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Discussion on: OOP vs functional programming

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mattlant profile image
Matt Lanteigne

When you say 'Functional' do you mean to say procedural? BASIC is a procedural language, but definitely not a Functional language, whereas languages like F#, Haskell (like you mention), Scala are Functional languages.

The reason I ask is because you give more of a view of Procedural vs OOP, rather than functional vs imperative (procedural/OOP with state maintenance and change) as an example.

The OOP example you provide could still be viewed as functional in the sense you don't mutate state.

If functional - in the sense you are operating on immutable functions only - is truly the goal, perhaps an example where the OOP approach maintains and mutates state?

Beyond that though, it's well written article.

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klamserdev profile image
Jakob Klamser Author

You are totally right, I struggled to get a good example that is small and simple enough for beginners to understand. I think bringing in state and managing it would have been a bit to much for beginners.

I hope the point I wanted to make gets more clear now.

Thanks for the constructive feedback I really appreciate it :)

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skyjur profile image
Ski

You can do OOP with immutable objects. In js numbers, strings are objects but immutable.

But Date on other hand is mutable. Having some objects mutable some immutable leads to bugs if one does not know what are doing.

But regardless if it's mutable or not, state is mutated somewhere still.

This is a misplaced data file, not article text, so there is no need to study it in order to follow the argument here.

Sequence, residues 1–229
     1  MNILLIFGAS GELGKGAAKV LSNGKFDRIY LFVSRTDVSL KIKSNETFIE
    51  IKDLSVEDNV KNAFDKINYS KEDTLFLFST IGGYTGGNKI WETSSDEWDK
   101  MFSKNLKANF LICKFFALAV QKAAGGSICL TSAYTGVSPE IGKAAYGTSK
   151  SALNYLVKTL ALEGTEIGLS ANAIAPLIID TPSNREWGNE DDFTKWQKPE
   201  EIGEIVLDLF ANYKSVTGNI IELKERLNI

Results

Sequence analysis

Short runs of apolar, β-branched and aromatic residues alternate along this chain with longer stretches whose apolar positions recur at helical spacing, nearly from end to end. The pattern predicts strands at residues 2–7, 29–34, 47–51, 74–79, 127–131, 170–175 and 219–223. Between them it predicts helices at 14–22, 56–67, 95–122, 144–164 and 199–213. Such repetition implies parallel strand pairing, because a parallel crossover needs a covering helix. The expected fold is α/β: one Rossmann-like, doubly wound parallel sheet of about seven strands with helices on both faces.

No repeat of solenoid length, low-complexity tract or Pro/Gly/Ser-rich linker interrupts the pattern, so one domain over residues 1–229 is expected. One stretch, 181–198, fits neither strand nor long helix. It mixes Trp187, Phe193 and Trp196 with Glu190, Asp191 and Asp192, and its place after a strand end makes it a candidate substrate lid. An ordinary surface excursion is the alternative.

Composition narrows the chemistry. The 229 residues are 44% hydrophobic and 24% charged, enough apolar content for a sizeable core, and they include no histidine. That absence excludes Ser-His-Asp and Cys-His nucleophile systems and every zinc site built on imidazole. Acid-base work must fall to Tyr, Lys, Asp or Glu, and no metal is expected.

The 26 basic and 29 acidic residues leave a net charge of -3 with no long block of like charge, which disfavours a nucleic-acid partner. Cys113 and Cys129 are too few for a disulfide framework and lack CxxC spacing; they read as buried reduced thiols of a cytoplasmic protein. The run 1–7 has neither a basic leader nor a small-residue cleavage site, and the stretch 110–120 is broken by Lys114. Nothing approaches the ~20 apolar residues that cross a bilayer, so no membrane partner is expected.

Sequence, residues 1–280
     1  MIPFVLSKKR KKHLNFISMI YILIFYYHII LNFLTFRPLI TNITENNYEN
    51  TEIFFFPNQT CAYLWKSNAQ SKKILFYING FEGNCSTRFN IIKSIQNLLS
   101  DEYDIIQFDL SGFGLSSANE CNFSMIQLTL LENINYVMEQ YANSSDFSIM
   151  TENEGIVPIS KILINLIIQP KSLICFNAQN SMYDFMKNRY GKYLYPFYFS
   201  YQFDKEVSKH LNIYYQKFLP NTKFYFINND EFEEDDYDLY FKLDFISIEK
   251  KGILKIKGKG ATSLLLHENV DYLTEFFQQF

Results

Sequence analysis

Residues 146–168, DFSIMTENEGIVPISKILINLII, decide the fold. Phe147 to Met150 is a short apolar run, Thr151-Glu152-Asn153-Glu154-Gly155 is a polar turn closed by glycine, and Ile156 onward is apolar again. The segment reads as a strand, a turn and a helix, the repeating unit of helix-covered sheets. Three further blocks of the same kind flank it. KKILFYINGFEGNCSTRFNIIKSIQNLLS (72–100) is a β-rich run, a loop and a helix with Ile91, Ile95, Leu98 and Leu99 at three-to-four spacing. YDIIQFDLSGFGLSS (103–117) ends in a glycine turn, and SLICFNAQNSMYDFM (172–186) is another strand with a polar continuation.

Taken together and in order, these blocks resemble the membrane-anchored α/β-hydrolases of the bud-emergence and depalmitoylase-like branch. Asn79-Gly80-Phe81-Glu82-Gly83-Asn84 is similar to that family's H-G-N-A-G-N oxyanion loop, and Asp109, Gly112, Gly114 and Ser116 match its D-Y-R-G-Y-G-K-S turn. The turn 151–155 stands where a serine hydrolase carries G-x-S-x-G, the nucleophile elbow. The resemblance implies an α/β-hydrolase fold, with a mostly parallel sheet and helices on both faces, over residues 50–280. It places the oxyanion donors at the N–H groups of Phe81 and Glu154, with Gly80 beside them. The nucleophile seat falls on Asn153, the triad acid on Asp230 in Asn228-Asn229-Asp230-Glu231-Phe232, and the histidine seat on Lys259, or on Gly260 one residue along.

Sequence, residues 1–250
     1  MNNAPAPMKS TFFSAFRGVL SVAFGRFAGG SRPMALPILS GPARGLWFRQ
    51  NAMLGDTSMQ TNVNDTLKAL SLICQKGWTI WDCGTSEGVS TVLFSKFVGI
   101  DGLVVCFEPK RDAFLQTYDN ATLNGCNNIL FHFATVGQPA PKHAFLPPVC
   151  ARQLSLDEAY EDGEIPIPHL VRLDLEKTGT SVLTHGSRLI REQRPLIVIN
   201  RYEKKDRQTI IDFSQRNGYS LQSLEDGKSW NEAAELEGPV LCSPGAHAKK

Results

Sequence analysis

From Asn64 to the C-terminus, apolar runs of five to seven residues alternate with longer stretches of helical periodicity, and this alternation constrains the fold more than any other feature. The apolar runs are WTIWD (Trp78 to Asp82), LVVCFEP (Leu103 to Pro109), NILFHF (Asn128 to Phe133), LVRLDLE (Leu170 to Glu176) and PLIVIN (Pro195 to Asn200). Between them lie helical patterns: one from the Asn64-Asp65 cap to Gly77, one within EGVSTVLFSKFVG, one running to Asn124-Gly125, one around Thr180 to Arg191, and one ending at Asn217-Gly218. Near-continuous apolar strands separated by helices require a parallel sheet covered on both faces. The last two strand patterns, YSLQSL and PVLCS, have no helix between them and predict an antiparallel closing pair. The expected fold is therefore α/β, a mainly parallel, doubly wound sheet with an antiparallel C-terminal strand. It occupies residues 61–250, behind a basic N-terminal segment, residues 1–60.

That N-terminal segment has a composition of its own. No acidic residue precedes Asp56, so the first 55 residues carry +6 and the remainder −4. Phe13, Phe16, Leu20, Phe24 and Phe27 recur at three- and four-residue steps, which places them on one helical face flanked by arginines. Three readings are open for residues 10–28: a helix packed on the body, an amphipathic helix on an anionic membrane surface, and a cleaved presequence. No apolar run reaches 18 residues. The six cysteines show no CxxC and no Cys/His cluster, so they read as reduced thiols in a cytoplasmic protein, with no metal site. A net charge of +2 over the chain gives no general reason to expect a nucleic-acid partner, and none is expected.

Take redux reducer for example

reducer = (state, event) => newState
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it's immutable function on the surface, but it returns new (updated) state - of whole application state, thus there is a power to change anything in application state here. Mutability is not the main problem. Using purely immutable interfaces can help avoid certain type of bugs. But eventually it leads to the same big problem - somewhere state is updated, and the big question is, how is it encapsulated.

A careful developer would divide state in small chunks and ensure all reducers only take care of one little piece of state

const appReducer = state => {
   return {
      x: xReducer(state.x),
      y: yReducer(state.y)
   }
}
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not careful developer still can just as easily add unpredictable side effects even though interface is immutable

const xReducer = (state, event) => {
   if(event.type == 'UpdateX') {
      return { 
          ... state,
          x: state.x + event.size,
          y: state.y * -1 // hmm
      }
   }
   return state
}
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In redux on can also do same thing that one can do with setters/getters in object

const xReducer = (state, event) => {
    if(event.type === 'SetX') {
       return {...state, x: event.value}
    }
    return state
}
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now one can modify state anywhere from app code - immutable and functional version of setters/getters antipattern of OOP

render() {
  dispatch(SetX(1))
  dispatch(SetY(2))
}
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Immutability and functional development it self doesn't do that much. It's good but it's not a lot. One must also follow SOLID and other better known guiding principles (like Law of Demeter) to build good code and it doesn't matter OOP or functional.